Prices keep going up and the US economy is slowing down, but workers are still seeing their wages rise.
Private sector wages and salaries jumped by 5.7% on a yearly basis in the second quarter, compared to 5% in the first quarter, according to employment cost data released by the US Bureau of Labor Statistics Friday.
The continued rise in wages signals that employers are still struggling to hire workers. Overall, the job market is holding strong even as business investment drops off. For now, that should bolster the economy.
That may be little comfort for workers—and for policymakers at the US Federal Reserve. Adjusted for inflation, wages dropped by 3.1% in the past year, meaning workers can buy less with their paychecks. At the Fed, officials are likely to see Friday’s data through the eyes of employers, which are now paying more for labor.
It was a rise in the employment cost index in the third quarter of 2021 that triggered the Fed’s current cycle of interest rate hikes. Higher wages will continue to put pressure on the central bank to continue on the same path.
Economists say the employment cost index is a more accurate indicator of where wages are headed than the jobs report’s hourly earnings data, which is released once a month instead of quarterly. Unlike hourly earnings, which have stagnated in recent months, the latest employment cost data show that private-sector wage growth is accelerating.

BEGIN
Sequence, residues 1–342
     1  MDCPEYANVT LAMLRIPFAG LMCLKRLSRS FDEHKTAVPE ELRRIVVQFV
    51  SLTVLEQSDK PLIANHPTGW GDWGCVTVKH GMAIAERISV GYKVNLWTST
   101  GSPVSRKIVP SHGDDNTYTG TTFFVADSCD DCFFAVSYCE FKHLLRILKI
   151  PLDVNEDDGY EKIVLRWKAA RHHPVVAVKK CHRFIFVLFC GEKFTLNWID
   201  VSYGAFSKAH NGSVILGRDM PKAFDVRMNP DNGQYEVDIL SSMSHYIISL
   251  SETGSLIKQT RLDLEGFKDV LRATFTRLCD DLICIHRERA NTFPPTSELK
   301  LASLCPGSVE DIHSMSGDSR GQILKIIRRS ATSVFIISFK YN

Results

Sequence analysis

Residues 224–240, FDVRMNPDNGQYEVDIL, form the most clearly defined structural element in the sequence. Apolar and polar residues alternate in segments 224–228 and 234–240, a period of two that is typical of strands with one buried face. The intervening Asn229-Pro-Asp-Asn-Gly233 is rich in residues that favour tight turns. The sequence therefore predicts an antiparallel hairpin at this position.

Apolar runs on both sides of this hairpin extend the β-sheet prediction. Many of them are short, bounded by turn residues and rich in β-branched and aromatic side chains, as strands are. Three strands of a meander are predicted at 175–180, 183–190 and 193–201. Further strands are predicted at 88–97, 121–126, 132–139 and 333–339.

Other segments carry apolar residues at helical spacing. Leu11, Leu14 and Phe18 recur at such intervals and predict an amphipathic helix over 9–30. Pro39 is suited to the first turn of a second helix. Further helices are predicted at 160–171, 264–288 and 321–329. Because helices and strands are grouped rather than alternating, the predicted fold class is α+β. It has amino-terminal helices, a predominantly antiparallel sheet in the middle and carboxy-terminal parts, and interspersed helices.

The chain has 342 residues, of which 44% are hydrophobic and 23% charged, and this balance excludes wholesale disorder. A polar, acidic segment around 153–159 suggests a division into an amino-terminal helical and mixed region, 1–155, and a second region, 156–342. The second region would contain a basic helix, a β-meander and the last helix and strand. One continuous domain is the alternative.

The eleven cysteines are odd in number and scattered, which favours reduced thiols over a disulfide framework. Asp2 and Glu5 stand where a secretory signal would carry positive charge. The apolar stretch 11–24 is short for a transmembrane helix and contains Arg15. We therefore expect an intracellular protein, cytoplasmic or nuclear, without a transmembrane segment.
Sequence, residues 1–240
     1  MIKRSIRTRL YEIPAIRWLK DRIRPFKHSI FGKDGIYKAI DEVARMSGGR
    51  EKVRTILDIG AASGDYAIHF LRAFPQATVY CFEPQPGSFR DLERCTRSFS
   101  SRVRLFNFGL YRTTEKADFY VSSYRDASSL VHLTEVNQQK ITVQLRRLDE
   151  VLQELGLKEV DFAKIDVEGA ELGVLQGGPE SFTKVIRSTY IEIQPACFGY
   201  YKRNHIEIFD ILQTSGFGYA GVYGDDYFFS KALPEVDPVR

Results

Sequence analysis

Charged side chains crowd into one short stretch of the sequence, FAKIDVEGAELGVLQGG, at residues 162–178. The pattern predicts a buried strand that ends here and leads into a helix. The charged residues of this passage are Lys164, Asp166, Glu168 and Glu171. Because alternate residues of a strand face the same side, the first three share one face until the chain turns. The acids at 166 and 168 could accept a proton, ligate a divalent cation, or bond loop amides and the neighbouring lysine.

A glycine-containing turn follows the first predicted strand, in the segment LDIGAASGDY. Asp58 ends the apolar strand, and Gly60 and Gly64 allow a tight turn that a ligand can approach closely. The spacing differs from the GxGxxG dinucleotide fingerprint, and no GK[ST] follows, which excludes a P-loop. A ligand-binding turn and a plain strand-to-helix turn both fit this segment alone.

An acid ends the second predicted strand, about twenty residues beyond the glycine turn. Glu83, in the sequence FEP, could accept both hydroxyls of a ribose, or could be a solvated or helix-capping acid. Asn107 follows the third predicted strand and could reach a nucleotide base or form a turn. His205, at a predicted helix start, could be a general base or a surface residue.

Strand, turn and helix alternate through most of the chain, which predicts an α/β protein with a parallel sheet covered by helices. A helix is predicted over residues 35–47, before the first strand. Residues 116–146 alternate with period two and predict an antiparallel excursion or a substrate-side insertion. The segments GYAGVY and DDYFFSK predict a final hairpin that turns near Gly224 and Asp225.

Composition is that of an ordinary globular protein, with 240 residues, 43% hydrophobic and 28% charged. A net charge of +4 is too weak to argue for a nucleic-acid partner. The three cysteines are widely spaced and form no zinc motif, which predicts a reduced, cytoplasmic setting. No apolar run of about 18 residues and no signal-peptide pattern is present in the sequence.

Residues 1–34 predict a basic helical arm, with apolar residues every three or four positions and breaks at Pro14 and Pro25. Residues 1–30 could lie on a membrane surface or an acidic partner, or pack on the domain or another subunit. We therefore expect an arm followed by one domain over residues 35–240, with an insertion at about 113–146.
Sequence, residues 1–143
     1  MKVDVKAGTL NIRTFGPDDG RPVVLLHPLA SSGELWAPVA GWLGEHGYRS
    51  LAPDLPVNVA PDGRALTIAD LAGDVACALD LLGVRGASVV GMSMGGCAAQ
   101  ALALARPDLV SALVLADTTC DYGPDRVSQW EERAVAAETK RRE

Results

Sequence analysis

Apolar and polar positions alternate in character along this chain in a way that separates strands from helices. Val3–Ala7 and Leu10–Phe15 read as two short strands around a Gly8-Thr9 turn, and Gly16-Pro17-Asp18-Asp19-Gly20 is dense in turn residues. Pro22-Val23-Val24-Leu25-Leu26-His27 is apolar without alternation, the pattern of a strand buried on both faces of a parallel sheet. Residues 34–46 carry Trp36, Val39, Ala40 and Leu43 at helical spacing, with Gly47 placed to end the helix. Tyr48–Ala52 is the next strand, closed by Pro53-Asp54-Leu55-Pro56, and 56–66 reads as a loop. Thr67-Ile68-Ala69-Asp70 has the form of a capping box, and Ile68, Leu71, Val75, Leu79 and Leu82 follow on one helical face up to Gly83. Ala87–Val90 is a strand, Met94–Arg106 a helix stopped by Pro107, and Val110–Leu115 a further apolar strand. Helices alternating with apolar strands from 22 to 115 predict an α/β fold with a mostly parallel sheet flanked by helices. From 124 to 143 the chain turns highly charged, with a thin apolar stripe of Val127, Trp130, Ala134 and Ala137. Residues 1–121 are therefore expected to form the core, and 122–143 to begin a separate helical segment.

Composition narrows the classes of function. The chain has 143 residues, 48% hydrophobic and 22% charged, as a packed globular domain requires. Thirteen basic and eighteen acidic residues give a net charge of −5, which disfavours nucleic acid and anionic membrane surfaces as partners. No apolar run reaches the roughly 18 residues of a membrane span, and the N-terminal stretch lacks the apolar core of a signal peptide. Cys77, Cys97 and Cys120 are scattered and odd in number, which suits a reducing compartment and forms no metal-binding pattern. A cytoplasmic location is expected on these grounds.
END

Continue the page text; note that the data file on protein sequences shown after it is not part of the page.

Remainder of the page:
The biggest wage increases were in sales, finance, and retail trade. One industry that cooled off somewhat was leisure and hospitality. On a quarterly basis, wages only moved up by 1.7% for this sector in the second quarter versus 1.9% in the first.
But the strong wage growth data comes as the labor market slows down. For the three months ending in June, there were about 375,000 jobs added on average each month, down from 523,000 in the prior period.
Meanwhile, the Fed’s preferred inflation measure, the personal consumption expenditures price index or PCE, jumped by 6.9% on the year in June.
Higher wages and disposable income are helping Americans outpace rapidly rising prices—barely. Adjusted for inflation, consumer spending rose by 0.1% on the month in June, more than economists expected.